What Are Dental Sealants?
As teeth develop, pits, fissures or deep grooves form on the surface of the tooth. The pits and fissures are the most cavity-prone areas, especially in children. Your dentist will carefully evaluate which teeth would benefit from dental sealants.
Dental sealants are a preventive, non-invasive dental procedure that helps to prevent cavities. The sealant is a tough plastic material that is designed to bond with the tooth’s enamel and forms a shield against decay. Sealants are tooth-colored or white, so they are barely visible.
When children are around six years old, they will start to get their first adult molars in the back of their mouth. This makes it very difficult to keep these precious adult teeth clean. Liquid dental sealants are painted on the teeth to fill in all of the hard-to-reach crevices, so food particles can’t enter and start a cavity. Sealants can protect teeth from cavity-causing bacteria for many years.
What Are Pits & Fissures?
Pits and fissures are the most cavity-prone areas, accounting for over 50 percent of cavities among children. The deep grooves on the top of the tooth are called fissures. The point where these grooves cross each other, are called pits. Pits and fissures are a normal part of our tooth’s anatomy and come in different shapes and sizes. These deep areas are often the perfect environment to harbor and trap food and plaque.
Toothbrush bristles are often too wide to clean these tiny areas. As the food and bacteria collect and build up, a cavity is likely to develop. The enamel is frequently weaker and thinner in the pits and fissures, which increases the chance of a cavity. Once decay has formed and a cavity is detected, your dentist must repair it and a dental sealant can no longer be placed.
When Should Sealants Be Applied?
Your dentist will carefully examine the tooth, before a dental sealant is applied. Sealants are usually applied to newly erupted permanent posterior teeth and occasionally primary or “baby” teeth. Since dental caries are the most common chronic disease of children, sealants are applied to a child’s tooth, as soon as possible, before a cavity can develop.
How Is a Dental Sealant Applied?
First, the teeth are thoroughly cleaned and then isolated, by placing a barrier of some type. This prevents the other teeth and tongue from coming into contact with the sealant. A thick liquid called etch is applied to the surface of the tooth, where the sealant will be placed. Etching is a process that helps the sealant bond more effectively to the tooth. After etching, the teeth are rinsed and dried. A primer is often applied as a liquid, which allows for better adhesion. When the tooth is completely dry, a sealant is applied to the tooth with a tiny brush or syringe-like applicator. The sealant flows deep into the pits and fissures. The sealant may harden with air exposure or by exposure to ultraviolet light.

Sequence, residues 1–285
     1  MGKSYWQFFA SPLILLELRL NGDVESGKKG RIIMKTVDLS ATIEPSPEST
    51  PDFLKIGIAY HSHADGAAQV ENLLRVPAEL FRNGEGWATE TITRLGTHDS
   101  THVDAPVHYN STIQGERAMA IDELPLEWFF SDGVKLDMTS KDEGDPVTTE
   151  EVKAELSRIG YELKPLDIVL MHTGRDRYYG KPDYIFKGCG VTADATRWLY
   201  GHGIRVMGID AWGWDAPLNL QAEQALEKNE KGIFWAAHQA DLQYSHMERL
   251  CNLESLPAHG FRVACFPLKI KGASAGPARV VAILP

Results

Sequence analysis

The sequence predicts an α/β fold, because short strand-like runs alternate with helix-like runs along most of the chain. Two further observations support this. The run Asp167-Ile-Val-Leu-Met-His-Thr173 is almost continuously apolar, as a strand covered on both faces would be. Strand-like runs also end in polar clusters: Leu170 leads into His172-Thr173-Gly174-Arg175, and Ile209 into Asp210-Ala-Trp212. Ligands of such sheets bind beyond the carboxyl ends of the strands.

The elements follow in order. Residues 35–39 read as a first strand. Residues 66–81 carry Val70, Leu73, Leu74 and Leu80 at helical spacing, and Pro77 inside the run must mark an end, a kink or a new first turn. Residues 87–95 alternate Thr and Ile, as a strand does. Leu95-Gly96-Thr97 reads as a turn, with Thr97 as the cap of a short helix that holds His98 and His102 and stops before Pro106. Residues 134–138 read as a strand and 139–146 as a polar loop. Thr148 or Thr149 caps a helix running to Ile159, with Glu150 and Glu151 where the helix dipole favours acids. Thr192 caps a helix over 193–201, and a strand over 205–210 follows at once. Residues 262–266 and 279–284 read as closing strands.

Children often benefit from being told how the sealants will be “painted” on their tooth to protect them from plaque and cavities. They often better understand the process and are more prepared to listen carefully to the instructions of the dental professionals, if they are informed.
How Long Do Sealants Last?
Sealants are typically long lasting. However, they need to be evaluated by your dentist. The sealant can remain on the tooth for many years, if proper care is taken. Some hard foods, such as hard candy, chewing ice, or sticky foods, such as taffy, may dislodge a sealant and should be avoided. If the sealant becomes dislodged, your dental professional will make sure the tooth is cavity free and then re-apply the sealant.
How Effective Are Sealants?
Sealants are effective in preventing cavities on the chewing surface of a tooth, as long as they are intact. Keeping all of your maintenance appointments with your dentist can ensure the longevity of the dental sealants.
Remember that cavities also commonly occur on other surfaces of the tooth that aren't covered by a sealant, such as in between the teeth! Proper brushing and flossing are imperative to protect the entire tooth from bacteria and cavities.
Does Insurance Cover the Cost of Sealants?
Many insurance companies cover the cost of dental sealants. Check with your dental insurance carrier to determine, if you have dental sealant coverage.